In this towering work, André Vauchez draws on the vast body of scholarship on Francis of Assisi, emphasizing in particular the important research of the last 30 years. He creates a complete and engaging portrait of the saint, then explores how the memory of Francis was shaped by contemporaries who recollected him in their writings. Vauchez completes the book by setting "Poverello" in the context of his time, bringing to light what was new, surprising, and even astonishing in the life and vision of this man.
The first part of the book is a fascinating reconstruction of Francis's life and work. The second and third parts deal with the myriad texts-hagiographies, chronicles, sermons, personal testimonies, etc.-of writers who recorded aspects of Francis's life and movement as they remembered them, and used those remembrances to construct a portrait of Francis relevant to their concerns. In the final part of the book, Vauchez explores those aspects of Francis's life, personality, and spiritual vision that were unique to him, including his experience of God, his approach to nature, his understanding and use of Scripture, and his impact on culture as well as culture's impact on him.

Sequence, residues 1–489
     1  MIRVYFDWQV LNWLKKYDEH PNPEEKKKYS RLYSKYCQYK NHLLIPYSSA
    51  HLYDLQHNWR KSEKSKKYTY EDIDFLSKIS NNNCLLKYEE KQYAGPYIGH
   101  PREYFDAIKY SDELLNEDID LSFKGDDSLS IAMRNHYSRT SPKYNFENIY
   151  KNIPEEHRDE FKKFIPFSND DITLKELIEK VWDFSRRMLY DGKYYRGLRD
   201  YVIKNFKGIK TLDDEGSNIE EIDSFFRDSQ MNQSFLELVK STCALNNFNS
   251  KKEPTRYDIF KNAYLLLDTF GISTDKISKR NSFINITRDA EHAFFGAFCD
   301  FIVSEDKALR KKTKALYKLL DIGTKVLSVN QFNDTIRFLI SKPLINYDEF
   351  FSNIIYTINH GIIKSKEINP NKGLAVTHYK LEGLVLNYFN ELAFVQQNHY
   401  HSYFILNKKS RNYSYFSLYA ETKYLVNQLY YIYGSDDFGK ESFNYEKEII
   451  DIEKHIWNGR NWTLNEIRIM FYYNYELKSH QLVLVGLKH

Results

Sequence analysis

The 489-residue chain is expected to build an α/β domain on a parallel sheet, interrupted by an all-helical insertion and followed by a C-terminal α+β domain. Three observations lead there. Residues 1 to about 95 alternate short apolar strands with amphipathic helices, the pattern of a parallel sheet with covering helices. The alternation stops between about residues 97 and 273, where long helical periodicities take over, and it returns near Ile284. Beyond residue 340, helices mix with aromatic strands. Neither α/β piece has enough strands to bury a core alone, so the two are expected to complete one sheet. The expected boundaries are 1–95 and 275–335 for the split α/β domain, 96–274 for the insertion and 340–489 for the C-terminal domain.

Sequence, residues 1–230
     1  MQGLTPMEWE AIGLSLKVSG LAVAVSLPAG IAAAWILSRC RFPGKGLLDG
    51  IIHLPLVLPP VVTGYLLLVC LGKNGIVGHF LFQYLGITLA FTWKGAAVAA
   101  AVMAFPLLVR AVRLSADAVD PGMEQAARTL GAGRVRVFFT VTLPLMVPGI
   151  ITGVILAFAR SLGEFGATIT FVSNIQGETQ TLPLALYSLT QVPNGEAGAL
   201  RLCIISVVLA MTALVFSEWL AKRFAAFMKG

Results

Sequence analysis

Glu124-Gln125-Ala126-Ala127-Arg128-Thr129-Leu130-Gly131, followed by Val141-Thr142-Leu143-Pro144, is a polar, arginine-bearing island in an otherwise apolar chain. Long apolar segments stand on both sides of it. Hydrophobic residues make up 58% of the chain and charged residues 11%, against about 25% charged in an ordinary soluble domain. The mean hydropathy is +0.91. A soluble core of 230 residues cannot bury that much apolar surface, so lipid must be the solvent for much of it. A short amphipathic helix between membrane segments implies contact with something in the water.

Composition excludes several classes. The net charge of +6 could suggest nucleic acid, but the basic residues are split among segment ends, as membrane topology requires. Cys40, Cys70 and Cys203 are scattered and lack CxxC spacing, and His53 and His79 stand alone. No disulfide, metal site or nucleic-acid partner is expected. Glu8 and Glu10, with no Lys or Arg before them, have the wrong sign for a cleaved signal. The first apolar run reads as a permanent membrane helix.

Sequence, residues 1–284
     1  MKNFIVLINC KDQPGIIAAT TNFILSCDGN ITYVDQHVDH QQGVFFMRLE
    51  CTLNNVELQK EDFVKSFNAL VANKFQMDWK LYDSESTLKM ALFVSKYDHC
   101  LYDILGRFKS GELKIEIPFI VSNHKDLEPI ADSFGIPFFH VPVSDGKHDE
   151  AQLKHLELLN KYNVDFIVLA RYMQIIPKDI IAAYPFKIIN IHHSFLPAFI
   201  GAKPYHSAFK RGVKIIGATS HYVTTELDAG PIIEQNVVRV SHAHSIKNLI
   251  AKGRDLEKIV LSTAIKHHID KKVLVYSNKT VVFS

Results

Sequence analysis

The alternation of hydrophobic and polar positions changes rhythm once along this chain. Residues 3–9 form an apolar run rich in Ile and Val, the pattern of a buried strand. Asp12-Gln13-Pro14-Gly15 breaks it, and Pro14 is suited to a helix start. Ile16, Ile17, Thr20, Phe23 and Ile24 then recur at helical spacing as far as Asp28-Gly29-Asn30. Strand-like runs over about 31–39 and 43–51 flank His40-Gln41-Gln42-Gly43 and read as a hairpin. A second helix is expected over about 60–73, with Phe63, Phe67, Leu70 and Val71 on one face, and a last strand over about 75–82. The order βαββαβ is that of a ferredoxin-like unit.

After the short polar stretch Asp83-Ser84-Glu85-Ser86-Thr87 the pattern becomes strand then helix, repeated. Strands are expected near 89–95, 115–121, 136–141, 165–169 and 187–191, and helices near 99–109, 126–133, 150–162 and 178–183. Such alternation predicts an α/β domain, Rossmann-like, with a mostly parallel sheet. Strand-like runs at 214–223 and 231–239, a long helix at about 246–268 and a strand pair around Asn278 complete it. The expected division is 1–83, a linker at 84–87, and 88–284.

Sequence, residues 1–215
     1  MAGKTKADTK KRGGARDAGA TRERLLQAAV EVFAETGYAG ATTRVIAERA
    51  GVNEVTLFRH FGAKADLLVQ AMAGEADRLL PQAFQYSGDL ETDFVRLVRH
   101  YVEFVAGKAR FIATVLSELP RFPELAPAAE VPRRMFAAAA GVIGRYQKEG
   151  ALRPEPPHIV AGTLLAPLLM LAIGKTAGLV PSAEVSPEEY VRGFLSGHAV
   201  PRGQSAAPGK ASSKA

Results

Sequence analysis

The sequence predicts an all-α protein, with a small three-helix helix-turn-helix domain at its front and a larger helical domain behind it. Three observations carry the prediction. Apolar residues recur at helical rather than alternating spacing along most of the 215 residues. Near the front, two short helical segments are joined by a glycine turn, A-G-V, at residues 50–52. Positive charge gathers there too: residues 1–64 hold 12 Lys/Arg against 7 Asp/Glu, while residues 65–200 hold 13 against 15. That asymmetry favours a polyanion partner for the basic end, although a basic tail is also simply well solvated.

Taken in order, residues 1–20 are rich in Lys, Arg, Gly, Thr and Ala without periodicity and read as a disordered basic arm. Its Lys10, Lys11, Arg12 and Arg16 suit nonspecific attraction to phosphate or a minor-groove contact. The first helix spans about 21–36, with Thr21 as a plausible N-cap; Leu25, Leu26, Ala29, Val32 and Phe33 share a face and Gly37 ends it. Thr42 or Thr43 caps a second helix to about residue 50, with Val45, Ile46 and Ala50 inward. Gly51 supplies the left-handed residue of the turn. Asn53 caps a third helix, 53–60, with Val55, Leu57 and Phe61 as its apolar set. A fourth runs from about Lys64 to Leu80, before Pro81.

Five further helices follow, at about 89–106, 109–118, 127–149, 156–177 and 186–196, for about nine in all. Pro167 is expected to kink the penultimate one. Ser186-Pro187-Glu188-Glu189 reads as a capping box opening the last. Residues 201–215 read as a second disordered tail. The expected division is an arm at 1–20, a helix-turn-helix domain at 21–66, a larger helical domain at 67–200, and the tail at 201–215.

Subjects: History, Religion
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